Michelle Obama versus GOP (and kids) on school lunch rules
It’s high noon in the lunchroom, as a political battle looms over Michelle Obama’s pet project to force school lunches to provide “healthier” meals. Her lobbying for the “Hunger-Free-Kids-Act” of 2010 is credited with requiring more fruits, veggies, and whole grains in school lunches, along with less fat, sodium and sugar.
Those are all very worthy goals, particularly since obesity is such a problem among youngsters (and the rest of us, too, but Michelle doesn’t get to choose what we eat -- yet). The problem, of course, is that forced to choose between buying the unappetizing fare being offered in response to the detailed rules Michelle hath wrought, a million fewer kids each day are buying school lunches. And that means less work for school lunch workers, and less sales for the companies which peddle their goods to school lunch programs. Darlene Superville of AP lays out the resulting alignment of political forces triggered by the First Lady’s per project:
The School Nutrition Association, an industry-backed group that represents school cafeteria workers and originally supported the standards, has now turned against them. The association says it fully supports getting kids to eat healthier but says many districts are losing money because students aren't buying the healthier lunches.
More than 1 million fewer students eat lunch at school each day since the first round of standards went into effect in 2012, following decades of steadily increasing participation, said Diane Pratt-Heavner, a spokeswoman for the association. A second round of rules, including standards for school breakfasts, took effect July 1.
"How can we call these standards a success when they are driving students away from the program?" she said.
Ms. Pratt-Heavener seems to miss the key point here: Michelle Obama and her allies feel much better over having taken a stand against obesity. That the children are bot cooperating and may be eating candy bars, or hitting Mickey D’s instead of eating at the cafeteria is irrelevant. Besides, this just opens the door for further regulation, because people, especially children, don’t know what is best for them. The entire project of progressivism rests on the certain knowledge that experts know what is best for ordinary people, and who could have more expertise than Michelle Obama?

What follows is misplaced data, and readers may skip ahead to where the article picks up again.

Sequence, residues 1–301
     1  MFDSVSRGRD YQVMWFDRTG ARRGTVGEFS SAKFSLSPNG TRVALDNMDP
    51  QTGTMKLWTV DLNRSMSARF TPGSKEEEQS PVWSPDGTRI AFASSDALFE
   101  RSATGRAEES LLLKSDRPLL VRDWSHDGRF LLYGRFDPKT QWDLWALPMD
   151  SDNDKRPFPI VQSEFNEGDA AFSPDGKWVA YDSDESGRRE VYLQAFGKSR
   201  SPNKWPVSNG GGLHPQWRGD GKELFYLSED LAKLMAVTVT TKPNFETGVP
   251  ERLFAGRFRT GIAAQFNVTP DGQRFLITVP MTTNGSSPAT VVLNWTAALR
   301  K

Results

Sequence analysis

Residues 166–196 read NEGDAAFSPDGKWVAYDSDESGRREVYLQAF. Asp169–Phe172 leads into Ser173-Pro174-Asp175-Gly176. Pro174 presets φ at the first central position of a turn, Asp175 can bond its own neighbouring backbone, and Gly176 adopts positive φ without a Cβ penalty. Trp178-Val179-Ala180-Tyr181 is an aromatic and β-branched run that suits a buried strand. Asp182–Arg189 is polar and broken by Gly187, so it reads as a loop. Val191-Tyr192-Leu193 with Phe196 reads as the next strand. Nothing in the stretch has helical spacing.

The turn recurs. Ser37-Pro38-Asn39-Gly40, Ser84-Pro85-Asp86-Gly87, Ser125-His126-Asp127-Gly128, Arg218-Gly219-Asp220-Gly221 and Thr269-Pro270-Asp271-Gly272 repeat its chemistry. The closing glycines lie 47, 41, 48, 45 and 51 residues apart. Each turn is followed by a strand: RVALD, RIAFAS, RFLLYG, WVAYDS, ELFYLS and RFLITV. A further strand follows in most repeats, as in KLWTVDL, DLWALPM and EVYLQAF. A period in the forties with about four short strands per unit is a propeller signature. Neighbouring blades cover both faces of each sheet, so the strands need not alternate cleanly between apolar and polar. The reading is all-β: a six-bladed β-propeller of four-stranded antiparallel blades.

Besides, as Lucianne Goldberg remind us today, the kids say that the healthy lunches “taste like vomit.”
The retrograde GOP and venal interests that sell goods to school lunch programs object:
Her group wants more flexibility for districts that are losing money. A House bill to fund the Agriculture Department next year would give districts a chance to apply to skip the requirements for one year.
"As well-intended as the people in Washington believe themselves to be, the reality is that from a practical standpoint these regulations are just plain not working out in some individual school districts," he said after a House panel approved the bill. A vote by the full House is expected after its July Fourth break.
We’ll see how this plays out. All that is at stake is billions of federal dollars tossed in the garage can (literally).
I should note that I am all for good nutrition, but that I have witnessed the foundering of good intentions in the lunchroom on the rocks of stubborn student preferences in my home town of Berkeley, California, where world-famous chef Alice Waters attempted to improve the fare in school cafeterias only to find that the ungrateful wretches disdained the organic, fresh, and supposedly delicious fare that gourmets pay a hundred bucks for at dinner at Waters’ Chez Panisse restaurant. If the proprietor of the restaurant named by Gourmet Magazine as the best in the world cannot induce the urchins to eat properly, what makes Michelle Obama think that the lunch ladies can pull it off?